The concept of framing has long intrigued and troubled scholars in fields including philosophy, rhetoric, media studies and literary criticism. But framing also has rich implications for environmental debate, urging us to reconsider how we understand the relationship between humans and their ecological environment, culture and nature.
The contributors to this wide-ranging volume use the concept of framing to engage with key questions in environmental literature, history, politics, film, TV, and pedagogy. In so doing, they show that framing can serve as a valuable analytical tool connecting different academic discourses within the emergent interdisciplinary field of the environmental humanities. No less importantly, they demonstrate how increased awareness of framing strategies and framing effects can help us move society in a more sustainable direction.
Hannes Bergthaller, Ph.D. (University of Bonn, 2004) is professor of English at National Chung-Hsing University, Taiwan. He specializes in the literature and cultural history of U.S. environmentalism. Among his recent publications are an edited special issue on ecocriticism and environmental history in
ISLE and on ecocriticism and comparative literature in
Peter Mortensen, Ph.D. (The Johns Hopkins University, 1998), is associate professor of English at Aarhus University, Denmark. He is the author of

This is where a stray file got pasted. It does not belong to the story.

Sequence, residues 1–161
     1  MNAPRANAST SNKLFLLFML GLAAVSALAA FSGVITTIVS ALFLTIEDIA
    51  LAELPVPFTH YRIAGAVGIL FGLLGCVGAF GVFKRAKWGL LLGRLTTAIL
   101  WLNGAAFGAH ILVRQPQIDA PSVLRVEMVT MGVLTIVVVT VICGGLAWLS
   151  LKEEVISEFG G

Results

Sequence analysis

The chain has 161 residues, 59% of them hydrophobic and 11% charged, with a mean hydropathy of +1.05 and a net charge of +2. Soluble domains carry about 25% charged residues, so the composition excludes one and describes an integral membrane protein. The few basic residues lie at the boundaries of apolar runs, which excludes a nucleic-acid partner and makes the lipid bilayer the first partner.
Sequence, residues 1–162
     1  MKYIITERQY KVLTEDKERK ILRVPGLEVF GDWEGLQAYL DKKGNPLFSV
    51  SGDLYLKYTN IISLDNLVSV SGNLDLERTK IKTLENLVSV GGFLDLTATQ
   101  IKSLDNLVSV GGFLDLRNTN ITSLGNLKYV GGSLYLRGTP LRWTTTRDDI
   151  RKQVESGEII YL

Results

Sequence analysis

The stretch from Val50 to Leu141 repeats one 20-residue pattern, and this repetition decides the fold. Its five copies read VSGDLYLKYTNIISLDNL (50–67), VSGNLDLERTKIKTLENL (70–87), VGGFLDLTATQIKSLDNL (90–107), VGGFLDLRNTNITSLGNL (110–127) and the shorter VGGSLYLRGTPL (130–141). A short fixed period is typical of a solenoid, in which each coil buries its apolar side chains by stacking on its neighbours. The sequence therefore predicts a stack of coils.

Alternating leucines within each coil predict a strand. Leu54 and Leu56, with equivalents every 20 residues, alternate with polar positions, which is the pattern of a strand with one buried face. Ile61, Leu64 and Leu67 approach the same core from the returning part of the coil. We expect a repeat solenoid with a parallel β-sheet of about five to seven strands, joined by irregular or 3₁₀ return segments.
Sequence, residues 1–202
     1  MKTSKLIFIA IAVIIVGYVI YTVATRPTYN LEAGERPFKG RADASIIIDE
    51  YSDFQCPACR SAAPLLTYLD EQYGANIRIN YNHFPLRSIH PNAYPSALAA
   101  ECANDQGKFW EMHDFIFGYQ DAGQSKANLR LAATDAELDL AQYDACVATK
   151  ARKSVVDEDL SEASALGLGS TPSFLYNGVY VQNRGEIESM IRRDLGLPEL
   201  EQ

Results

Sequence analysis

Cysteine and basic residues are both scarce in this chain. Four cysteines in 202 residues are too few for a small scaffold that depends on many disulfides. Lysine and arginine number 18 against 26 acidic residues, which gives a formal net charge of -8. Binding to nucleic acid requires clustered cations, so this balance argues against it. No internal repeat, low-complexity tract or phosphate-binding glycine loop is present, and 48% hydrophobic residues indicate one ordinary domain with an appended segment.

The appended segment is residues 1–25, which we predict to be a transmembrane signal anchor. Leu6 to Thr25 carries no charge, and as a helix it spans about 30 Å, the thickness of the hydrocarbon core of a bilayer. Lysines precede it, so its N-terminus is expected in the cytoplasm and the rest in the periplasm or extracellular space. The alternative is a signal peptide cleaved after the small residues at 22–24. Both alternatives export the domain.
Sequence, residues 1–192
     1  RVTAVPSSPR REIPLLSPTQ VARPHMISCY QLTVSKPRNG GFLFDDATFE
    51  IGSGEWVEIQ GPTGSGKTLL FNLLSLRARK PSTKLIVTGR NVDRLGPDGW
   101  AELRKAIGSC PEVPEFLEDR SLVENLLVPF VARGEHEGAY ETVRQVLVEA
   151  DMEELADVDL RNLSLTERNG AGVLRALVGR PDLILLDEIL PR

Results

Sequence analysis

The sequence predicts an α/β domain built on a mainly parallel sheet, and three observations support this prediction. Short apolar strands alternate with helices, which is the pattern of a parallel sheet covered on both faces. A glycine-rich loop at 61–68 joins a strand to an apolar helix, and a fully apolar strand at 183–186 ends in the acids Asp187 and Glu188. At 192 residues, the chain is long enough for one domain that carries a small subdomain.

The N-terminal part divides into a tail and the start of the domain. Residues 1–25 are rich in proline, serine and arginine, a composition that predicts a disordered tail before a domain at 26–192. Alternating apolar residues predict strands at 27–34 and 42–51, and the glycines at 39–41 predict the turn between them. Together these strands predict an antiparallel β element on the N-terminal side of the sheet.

British Romanticism and Continental Influences and many essays on 19th- and 20th-century literature and culture.
Introduction: Framing Nature Hannes Bergthaller and Peter Mortensen
Part 1: Literary Frames
Framing in Literary Energy Narratives Axel Goodbody
Narrating in Fluid Frames: Overcoming Anthropocentrism in Zora Neale Hurston’s Early Short Fiction on Rivers Matthias Klestil
320 Million Years, a Century, a Quarter of a Mile, a Couple of Paces: Framing the ‘Good Step’ in Tim Robinson’s
Stones of Aran
Part 2: History, Politics, and National Frames
Ghosts, Power, and the Natures of Nature: Reconstructing the World of Jón Guðmundsson the Learned Viðar Hreinsson
Reframing Sacred Natural Sites as National Monuments in Estonia: Shifts in Nature-Culture Interactions Ott Heinapuu
Animals in Norwegian Political Party Programs: A Critical Reading Morten Tønnessen
Chemical Unknowns: Preliminary Outline for an Environmental History of Fear Michael Egan
Czeching American Nature Images in the Work of Robinson Jeffers and John Steinbeck Petr Kopecký
Part 3: Framing Nature on Screen
Black-and-White Telecasting? Water Pollution on Finnish and Estonian Television during the Cold War Ottoaleksi Tähkäpää and Simo Laakkonen
Who’s Framing Whom? Surrealism and Science in the Documentaries of Jean Painlevé Kathryn St. Ours
Cognitivist Film Theory and the Bioculturalist Turn in Eco-Film Studies David Ingram
Part 4: Teaching Frames
Framing the Alien, Teaching
The Nature Study Idea: Framing Nature for Children in Early Twentieth Century Schools Dorothy Kass
Matter, Meaning, and the Classroom: A Case-Study Isabel Hoving
Postscript: Framing the Environmental Humanities Hannes Bergthaller and Peter Mortensen
Anyone interested in ecocriticism, ecomedia, ecopedagogy, ecopolitics or environmental history, and anyone concerned with environmental crisis and the development of environmental humanities as an interdisciplinary research field.